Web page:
A proposed amendment to the state constitution tweaking the right to privacy sparked a debate over abortion when pro-choice advocates argued the new language would weaken access to the procedure.
The issue came up Wednesday during a committee meeting of the Constitution Revision Commission, which is reviewing and considering changes to the state’s governing document.
The proposed amendment would clarify that the right to privacy in the state applies to “privacy of information and the disclosure thereof.”
But the current privacy provision is also the basis for a landmark 1989 Florida Supreme Court decision that said it’s unconstitutional to require parental consent before a minor can get an abortion.
Pro-choice advocates were quick to note how changing this part of the constitution would affect women’s reproductive rights. Barbara DeVane, a Florida lobbyist for the National Organization for Women, said the change would “chip away” privacy provisions that courts have relied on when it comes to abortion cases.
During the workshop, Commissioner Erika Donalds engaged DeVane on her views of the proposal and asked if she cared about how children would be affected concerning their privacy rights.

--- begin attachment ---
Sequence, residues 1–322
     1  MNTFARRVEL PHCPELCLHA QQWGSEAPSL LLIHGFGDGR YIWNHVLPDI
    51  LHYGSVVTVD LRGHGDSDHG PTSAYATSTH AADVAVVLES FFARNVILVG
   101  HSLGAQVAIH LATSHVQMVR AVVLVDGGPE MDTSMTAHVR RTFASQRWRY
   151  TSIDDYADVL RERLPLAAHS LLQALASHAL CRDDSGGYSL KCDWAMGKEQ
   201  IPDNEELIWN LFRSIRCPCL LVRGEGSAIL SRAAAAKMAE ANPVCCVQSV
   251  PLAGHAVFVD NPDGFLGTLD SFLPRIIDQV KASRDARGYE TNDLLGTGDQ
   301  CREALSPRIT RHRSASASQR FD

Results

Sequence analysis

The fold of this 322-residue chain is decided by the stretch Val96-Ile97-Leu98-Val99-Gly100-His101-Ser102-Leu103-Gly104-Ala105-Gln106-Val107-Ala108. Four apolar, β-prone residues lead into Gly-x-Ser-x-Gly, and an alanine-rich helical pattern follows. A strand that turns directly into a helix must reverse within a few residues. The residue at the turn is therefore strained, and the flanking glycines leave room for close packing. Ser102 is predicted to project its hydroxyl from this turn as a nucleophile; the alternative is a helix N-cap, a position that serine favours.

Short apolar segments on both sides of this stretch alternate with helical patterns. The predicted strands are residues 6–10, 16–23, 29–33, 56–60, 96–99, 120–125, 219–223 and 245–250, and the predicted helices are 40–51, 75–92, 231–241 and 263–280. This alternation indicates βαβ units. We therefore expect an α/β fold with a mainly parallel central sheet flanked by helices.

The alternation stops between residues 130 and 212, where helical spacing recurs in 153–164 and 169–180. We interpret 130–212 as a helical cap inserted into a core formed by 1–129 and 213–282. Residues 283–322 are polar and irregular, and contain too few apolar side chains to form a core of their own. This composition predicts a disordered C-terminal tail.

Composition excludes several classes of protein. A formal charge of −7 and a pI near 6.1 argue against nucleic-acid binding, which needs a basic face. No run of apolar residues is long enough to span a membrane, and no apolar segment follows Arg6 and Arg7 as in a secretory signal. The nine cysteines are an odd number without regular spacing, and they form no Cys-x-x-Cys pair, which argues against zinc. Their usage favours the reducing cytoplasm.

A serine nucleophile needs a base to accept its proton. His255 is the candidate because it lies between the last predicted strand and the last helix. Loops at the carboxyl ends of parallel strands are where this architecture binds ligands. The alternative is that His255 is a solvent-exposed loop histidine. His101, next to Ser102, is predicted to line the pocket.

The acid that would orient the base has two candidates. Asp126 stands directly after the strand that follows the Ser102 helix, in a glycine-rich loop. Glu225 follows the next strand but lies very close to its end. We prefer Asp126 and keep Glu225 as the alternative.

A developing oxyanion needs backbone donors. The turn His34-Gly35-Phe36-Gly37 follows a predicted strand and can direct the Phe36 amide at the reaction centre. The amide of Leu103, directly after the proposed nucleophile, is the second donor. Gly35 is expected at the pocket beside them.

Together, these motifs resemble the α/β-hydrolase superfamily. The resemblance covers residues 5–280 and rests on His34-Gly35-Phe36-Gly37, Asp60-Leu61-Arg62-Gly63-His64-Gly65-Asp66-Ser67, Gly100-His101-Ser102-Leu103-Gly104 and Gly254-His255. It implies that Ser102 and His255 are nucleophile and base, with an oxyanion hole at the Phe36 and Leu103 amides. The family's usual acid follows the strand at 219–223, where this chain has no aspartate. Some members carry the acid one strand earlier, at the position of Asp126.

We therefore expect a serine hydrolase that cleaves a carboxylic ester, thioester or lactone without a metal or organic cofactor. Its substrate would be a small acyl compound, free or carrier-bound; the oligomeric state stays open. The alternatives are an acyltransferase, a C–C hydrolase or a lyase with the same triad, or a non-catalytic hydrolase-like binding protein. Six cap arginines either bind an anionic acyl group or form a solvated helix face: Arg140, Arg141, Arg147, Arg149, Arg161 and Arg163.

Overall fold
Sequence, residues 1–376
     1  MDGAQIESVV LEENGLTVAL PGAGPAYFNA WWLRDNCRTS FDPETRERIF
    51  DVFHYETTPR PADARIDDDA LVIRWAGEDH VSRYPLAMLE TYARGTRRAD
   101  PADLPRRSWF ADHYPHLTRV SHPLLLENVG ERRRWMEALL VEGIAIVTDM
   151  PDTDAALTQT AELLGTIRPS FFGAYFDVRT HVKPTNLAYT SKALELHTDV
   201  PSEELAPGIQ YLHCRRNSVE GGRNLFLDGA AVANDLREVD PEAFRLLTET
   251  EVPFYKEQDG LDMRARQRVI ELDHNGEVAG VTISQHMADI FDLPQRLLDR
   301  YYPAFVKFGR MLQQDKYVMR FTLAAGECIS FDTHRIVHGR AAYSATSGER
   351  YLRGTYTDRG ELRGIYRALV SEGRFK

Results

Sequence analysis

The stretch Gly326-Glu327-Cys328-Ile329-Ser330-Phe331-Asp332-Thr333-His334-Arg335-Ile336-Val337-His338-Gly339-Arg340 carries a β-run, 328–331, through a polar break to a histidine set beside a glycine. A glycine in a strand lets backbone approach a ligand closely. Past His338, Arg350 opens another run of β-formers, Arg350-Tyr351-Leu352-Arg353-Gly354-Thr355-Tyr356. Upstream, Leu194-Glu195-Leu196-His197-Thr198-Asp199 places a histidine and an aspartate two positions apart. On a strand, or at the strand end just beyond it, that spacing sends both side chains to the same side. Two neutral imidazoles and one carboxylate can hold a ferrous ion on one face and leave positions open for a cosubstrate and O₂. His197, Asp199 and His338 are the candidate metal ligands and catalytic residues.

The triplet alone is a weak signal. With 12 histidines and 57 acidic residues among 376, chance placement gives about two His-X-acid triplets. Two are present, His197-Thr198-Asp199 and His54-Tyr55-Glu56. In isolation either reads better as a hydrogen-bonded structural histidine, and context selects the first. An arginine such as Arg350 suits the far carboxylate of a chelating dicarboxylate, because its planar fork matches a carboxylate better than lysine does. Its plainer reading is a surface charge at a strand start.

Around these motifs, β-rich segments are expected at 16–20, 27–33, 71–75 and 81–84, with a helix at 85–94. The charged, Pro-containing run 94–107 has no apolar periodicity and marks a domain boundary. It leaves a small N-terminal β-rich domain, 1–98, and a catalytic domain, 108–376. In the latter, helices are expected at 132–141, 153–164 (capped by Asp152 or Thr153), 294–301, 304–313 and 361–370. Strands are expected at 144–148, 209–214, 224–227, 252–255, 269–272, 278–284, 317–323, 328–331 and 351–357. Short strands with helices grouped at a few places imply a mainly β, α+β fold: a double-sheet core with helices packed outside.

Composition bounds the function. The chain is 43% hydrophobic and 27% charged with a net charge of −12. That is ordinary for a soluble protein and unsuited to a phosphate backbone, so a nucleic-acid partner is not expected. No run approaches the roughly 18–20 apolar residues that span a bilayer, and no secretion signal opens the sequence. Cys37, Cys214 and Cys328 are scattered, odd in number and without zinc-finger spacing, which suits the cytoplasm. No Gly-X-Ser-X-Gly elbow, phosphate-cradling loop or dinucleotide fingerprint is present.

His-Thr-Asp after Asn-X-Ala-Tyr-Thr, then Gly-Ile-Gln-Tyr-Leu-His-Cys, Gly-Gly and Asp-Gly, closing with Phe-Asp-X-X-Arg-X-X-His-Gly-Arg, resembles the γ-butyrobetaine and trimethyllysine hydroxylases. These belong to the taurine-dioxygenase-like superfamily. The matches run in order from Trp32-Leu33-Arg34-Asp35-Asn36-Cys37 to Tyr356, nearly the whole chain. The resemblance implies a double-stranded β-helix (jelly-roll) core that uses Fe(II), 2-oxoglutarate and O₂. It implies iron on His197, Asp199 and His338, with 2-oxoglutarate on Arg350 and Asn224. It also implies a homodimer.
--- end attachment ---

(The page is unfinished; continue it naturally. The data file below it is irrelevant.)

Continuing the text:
“Well, I am concerned about young girls who are raped,” DeVane said.
Donalds said the proposal “would not affect” a woman’s right to an abortion, but instead would help protect children and minors who need parental involvement when seeking such a medical procedure.
Commissioner John Stemberger, an attorney and president of the conservative Florida Family Policy Council, is the sponsor of the proposal. It’s been scrutinized by the First Amendment Foundation, which said in a letter this week it would have a “dramatic” impact on the constitutional right of access to public records.
The workshop featured two guest speakers, former Florida Supreme Court Chief Justice Major B. Harding and Sandy D’Alemberte, former president of and law professor at Florida State University.
The proposal has been filed, but has not yet been referred to any committees. If approved by the full commission, it would go on the November 2018 ballot and would need 60 percent approval by voters.
“I urge you to preserve this right in the Florida Constitution,” DeVane said. “But if this goes on the ballot, once again, the people — the women in this state — we will prevail.”